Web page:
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A direct RT-qPCR approach to test large numbers of individuals for SARS-CoV-2

NOMIS Awardee Svante Pääbo and colleagues developed a very efficient PCR test that pools gargle lavage samples. The test was implemented in a retirement home and was used to test approximately 300 employees at the the Max Planck Institute three times per week until June 2020, enabling the institute to remain open throughout the pandemic. In addition, the test was implemented at other institutions and was also part of a pilot project to allow larger gatherings without masks or distancing requirements at the first rave party in Germany since the start of the pandemic. The PCR test was presented in PLoS One.


The COVID-19 pandemic has led to substantial morbidity and mortality in elderly and immunocompromised individuals, particularly in long-term care facilities. Up to half of the fatalities in Europe have been observed in retirement homes, where advanced age and chronic underlying health conditions seem to predispose residents. Therefore, it is necessary to prevent that infected personnel and visitors enter institutions where vulnerable individuals live.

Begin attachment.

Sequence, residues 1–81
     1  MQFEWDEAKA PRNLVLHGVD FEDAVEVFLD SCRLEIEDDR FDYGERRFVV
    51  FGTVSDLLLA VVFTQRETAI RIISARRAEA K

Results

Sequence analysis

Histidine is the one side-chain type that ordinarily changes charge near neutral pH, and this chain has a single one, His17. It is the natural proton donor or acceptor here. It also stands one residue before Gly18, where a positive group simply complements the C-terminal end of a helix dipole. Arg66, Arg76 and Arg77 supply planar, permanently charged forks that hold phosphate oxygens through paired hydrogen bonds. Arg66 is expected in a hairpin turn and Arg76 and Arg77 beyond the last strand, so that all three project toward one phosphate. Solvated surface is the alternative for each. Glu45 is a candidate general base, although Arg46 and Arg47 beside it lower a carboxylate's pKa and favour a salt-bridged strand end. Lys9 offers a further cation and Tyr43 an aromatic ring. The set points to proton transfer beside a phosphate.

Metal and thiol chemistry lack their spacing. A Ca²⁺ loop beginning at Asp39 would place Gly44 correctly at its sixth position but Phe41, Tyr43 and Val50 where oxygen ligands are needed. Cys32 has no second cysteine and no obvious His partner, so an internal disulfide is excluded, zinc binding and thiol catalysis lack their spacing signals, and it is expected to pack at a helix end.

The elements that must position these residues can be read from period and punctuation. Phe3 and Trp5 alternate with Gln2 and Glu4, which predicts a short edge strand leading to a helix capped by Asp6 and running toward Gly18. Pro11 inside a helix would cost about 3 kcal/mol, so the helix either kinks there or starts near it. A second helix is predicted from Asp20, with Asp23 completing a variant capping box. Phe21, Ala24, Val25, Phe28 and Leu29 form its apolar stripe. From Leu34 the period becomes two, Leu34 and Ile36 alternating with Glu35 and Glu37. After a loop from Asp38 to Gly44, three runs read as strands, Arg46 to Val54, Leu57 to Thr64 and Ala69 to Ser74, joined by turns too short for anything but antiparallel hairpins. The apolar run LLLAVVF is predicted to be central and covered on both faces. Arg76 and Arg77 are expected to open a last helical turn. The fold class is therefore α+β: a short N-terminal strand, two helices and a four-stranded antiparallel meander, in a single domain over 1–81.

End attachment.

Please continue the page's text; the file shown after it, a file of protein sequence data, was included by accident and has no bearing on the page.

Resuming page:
However, infected individuals are often asymptomatic, resulting in a considerable rate of presymptomatic transmission of SARS-CoV-2. Furthermore, the viral load, and presumably the ability to transmit the infection, is highest at the time of symptom onset or just before. To prevent the spread of infection to institutions, one would therefore ideally test all individuals entering the facilities every time they do so. However, most commercially available viral test systems are too expensive and too laborious for such a strategy. In addition, swab kits and RNA extraction kits may run out during a pandemic.

Here, we present a safe, cheap and fast PCR-based approach to detect individuals with high levels of SARS-CoV-2 without the need for nasopharyngeal swabs or RNA extraction. We performed daily tests of all staff and residents of a local nursing home previously affected by COVID-19. We suggest that this approach could be used to test staff members and visitors of retirement homes and other institutions.

Continue reading this PLoS One publication


NOMIS Researchers

Director, Department of Genetics
Max Planck Institute for Evolutionary Anthropology
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